Immigration Stirs Up Bound Brook, Again
By JOSHUA BRUSTEIN
The New York Times
Published: August 8, 2008
FOUR years after the federal government found that Bound Brook (New Jersey) was unfairly targeting Hispanic residents for housing violations, the borough found itself once again embroiled in a debate about what municipalities can do to curb illegal immigration.
At a packed Borough Council meeting last month, the councils president, James Lefkowitz, proposed a far-reaching resolution that would require landlords to obtain proof of their tenants legal status, deny borough contracts to businesses that hire illegal immigrants and require police officers to check the status of people they arrest.
After a passionate debate that stretched on for hours, Mr. Lefkowitz could not persuade any of his colleagues to second his proposal, so it went nowhere. Mayor Carey Pilato, who opposed the resolution, loudly declared it dead as he and Mr. Lefkowitz argued. Mr. Lefkowitz vowed to place the measure as a referendum on Novembers ballot.
A person once made the suggestion that, with the human suffering thats involved, we should avoid this issue, Mr. Lefkowitz said. As a private citizen thats your right. As an elected official, I dont believe I have that right.
Others at the meeting said that his measure would unfairly target all Hispanics, and that the borough would end up having to spend money it could ill afford to defend against legal challenges that would surely follow.
Bound Brook is not the only municipality in New Jersey or elsewhere that has attempted to legislate limits on illegal immigration. In nearby Middletown, Mayor Gerard P. Scharfenberger said in an interview that he was watching Bound Brook because he, too, was considering introducing a measure to punish landlords who rent to illegal immigrants.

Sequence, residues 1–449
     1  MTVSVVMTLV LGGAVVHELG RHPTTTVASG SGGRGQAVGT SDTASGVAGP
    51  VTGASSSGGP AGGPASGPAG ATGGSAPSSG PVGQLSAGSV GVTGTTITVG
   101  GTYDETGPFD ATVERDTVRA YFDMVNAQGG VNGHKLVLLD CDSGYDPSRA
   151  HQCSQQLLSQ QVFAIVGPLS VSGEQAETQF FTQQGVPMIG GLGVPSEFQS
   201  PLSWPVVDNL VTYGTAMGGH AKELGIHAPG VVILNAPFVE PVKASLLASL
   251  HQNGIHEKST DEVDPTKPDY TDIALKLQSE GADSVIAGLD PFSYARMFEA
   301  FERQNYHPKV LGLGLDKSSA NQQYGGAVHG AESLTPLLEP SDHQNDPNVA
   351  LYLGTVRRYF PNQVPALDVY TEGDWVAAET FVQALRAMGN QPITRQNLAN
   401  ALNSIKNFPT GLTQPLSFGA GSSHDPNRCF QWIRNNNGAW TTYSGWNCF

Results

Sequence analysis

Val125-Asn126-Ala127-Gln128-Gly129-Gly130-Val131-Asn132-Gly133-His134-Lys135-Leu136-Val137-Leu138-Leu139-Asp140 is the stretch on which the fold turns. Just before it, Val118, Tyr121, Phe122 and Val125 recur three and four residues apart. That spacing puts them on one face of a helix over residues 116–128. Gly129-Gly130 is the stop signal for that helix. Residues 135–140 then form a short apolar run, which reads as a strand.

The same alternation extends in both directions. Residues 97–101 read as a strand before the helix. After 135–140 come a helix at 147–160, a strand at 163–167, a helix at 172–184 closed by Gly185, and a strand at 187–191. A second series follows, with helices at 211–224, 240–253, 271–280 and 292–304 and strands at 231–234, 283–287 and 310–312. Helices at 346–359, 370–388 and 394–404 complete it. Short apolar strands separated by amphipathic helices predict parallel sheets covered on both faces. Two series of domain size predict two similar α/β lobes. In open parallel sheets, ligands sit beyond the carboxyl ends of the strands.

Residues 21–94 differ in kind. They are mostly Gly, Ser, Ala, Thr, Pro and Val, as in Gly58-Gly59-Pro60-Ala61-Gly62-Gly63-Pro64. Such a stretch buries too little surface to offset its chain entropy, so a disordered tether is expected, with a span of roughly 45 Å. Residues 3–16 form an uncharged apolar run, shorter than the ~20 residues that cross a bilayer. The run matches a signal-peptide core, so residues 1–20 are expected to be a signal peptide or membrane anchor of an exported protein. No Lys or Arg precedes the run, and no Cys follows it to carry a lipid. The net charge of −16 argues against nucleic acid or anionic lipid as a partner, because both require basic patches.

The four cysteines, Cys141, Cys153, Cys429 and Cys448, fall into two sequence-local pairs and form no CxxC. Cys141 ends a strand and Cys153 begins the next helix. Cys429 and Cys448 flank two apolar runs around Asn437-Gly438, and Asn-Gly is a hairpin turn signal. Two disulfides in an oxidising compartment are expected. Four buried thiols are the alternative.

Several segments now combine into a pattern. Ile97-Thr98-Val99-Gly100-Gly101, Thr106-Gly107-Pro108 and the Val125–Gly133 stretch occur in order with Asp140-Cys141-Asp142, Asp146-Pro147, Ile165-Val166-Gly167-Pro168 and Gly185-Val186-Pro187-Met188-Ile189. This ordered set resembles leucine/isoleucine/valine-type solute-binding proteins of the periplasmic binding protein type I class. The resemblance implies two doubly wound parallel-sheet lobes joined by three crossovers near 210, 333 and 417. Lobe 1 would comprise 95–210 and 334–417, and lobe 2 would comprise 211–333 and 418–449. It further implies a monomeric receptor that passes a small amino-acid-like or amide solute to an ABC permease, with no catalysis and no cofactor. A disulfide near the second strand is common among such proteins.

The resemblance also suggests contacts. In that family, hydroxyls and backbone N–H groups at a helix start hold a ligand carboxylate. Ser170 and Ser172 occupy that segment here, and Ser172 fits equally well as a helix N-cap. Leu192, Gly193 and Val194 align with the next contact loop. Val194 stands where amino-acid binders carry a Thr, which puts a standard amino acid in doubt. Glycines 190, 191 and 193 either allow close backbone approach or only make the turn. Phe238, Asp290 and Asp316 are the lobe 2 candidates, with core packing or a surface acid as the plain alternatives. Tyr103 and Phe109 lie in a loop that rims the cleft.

Bound Brook, a community of about 10,000 people in Somerset County, has tried to grapple with the issue of undocumented immigrants before. According to the 2000 census, 35 percent of its residents are Hispanic.
When Hurricane Floyd flooded Bound Brook in 1999, those left homeless included Hispanic immigrants, many of them undocumented, who had previously lived discreet lives in this working class borough and now were being helped by agencies like the Salvation Army and the Red Cross. Many long-time residents moved out of the flood-prone center of the borough and were replaced by illegal immigrants looking for affordable housing.
While there is no accurate count of illegal immigrants in the borough, a county report said that at least 200 undocumented people were living in Bound Brook at the time of the flooding.
In some cases, 8 to 15 people were living in a single-family unit, the report said. Some proponents of local legislation say that overcrowding puts residents at risk and requires taxpayers to shoulder a disproportionate share of costs for services like garbage pickup.
Others, like Carmen Salavarrieta, a community activist who aids Hispanics in Bound Brook facing abuse from employers and landlords, said the emphasis on overcrowding was an excuse to target all Hispanic residents. Ms. Salavarrieta and others complained to federal officials when borough housing inspectors began making nighttime inspections accompanied by police officers.
The United States Department of Justice investigated, and eventually sued the borough for unfair housing practices. Borough officials agreed to end the housing inspections and to pay damages to some of those who had claimed harassment.
Mayor Pilato said the settlement had cost the borough $600,000, about 10 percent of its annual tax revenue.
If we follow along this path over the next couple of months, not only can we expect to get a visit again from the D.O.J., I can see many other private entities that may come and decide to visit us, he said.
Mr. Lefkowitz said the settlement with the Justice Department established a sanctuary in Bound Brook for illegal immigrants by keeping inspectors from pursing violations. Those who disagree with him say that existing ordinances on overcrowding are sufficient and that new legislation will inevitably lead to discrimination against all Hispanics.
The feeling right now is very sour. People are afraid, said Ms. Salavarrieta. They feel like theyre not wanted here.
Mr. Lefkowitz said going forward could be divisive and costly.
Its an I dont really care what you think anymore thing, he said. Its personal for me.